In South Africa the main evening English news bulletin on the public broadcaster, SABC 3, has lost many viewers (viewership is currently less than one million) to the commercial competitor - e-tv - which now has approximately three million viewers for their evening news.

    Similarly, on the radio side, listeners to the NBC German service were forced to listen to the new German commercial station, Hitradio (99.5Mhz), and Oshiwambo listeners turned to Omulunga Radio or Ohangwena Community Radio. Afrikaans listeners had Kosmos Radio or Kanaal Sewe, and those who understand English had a multitude of commercial and community choices as an alternative to NBC National Radio. Indeed, some listeners were pleasantly surprised at the quality of 'strike radio', and enjoyed the uninterrupted gentle music played on all NBC radio stations, with no interruptions from irritating jingles, adverts or inane chatter from radio presenters!

    Internet websites and social media platforms such as Facebook became even more crucial for those wishing to keep up with news, and they deliver timely reports and photographs of news events, hours if not days before the print media are able to publish.

    Of course, in many rural areas such alternatives are limited or non-existent, and a report in New Era (17 August 2012) outlined the difficulties faced by listeners in the Caprivi Region who, without the NBC Silozi Service were left without news or the essential community marriage, birth and death announcements.

    Unfortunately, the actions of the strike will further result in a loss of credibility and trust in the national broadcaster by advertisers and listeners alike.

    But those who have called for the 'closing down of the entire operation' (one comment which appeared on the SMS page in The Namibian, 20 August 2012) must surely realise the vital need for a public broadcaster. Not all Namibians have access to satellite television and not all have alternative radio stations to listen to.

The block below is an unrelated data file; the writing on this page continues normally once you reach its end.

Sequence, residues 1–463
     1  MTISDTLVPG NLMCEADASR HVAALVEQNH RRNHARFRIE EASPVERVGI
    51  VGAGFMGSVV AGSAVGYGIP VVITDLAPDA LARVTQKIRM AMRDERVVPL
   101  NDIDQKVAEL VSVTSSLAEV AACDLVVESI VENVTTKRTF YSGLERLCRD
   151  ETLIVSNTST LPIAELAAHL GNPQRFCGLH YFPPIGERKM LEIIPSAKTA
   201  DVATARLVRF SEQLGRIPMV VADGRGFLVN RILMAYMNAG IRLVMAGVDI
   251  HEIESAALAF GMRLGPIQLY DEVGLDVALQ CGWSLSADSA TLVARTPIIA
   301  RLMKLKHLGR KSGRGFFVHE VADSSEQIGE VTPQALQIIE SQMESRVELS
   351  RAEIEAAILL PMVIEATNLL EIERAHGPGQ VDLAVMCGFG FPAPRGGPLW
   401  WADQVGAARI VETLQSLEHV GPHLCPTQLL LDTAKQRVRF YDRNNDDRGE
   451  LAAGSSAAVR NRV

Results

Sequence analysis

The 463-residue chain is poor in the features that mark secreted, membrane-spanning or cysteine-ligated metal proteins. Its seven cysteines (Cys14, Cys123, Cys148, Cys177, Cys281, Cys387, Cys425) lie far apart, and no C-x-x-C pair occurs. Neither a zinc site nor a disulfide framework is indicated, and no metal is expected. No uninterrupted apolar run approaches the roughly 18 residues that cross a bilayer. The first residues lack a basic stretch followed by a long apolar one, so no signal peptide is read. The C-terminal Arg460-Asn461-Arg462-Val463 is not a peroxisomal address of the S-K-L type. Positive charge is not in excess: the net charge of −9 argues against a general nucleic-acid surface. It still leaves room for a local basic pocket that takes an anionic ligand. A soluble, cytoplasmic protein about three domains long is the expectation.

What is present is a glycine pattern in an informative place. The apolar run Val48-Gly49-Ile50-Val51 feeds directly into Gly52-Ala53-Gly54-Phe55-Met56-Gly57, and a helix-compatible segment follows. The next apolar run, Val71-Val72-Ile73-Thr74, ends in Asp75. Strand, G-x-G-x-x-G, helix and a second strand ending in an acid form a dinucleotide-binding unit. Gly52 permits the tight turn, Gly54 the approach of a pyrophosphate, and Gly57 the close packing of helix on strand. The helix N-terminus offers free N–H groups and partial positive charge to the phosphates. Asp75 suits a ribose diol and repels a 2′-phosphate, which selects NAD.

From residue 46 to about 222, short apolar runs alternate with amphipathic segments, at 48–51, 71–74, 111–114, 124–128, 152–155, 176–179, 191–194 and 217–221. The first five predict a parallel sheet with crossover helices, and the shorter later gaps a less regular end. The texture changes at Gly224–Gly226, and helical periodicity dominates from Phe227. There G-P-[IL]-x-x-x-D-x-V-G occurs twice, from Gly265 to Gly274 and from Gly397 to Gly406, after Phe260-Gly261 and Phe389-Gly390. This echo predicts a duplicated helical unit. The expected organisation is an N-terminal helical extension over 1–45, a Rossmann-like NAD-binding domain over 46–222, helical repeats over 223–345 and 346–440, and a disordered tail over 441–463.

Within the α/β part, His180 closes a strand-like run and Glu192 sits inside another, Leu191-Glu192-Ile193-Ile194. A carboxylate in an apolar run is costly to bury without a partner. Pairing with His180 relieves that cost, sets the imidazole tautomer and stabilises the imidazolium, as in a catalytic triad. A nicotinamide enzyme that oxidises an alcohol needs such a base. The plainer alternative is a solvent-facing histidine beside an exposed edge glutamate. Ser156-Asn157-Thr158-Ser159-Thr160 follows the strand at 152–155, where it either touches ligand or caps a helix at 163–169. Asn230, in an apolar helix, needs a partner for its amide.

The key question facing all public broadcasters globally is not whether they should exist, but how they should be funded. In some countries a small levy is added to electricity accounts, the assumption being that only those with electricity can afford to operate a television set.

    Within a few months, during the process of digitisation, another funding alternative will arrive, one which many Namibians are already familiar with - Pay-tv. The national broadcaster is starting to realise the financial benefits of a steady income flow of monthly payments for pay television as opposed to sporadic annual licence payments or, worse, unreliable government hand-outs.

    NBC Director General Aochamub has indicated a number of between four and six channels in the NBC 'bouquet', and, to make it enticing it will certainly have to be cheaper than the Multichoice option (GO-TV), which currently has 15 channels on its digital terrestrial bouquet (no satellite dish is required) for N$55 per month. At, say, N$30 a month (N$360 a year) many Namibians would understand the benefit of a choice of channels and, of course, NBC revenue would be drastically increased, for no set would be able to receive channels without the digital set top decoder and, obviously, the monthly payment.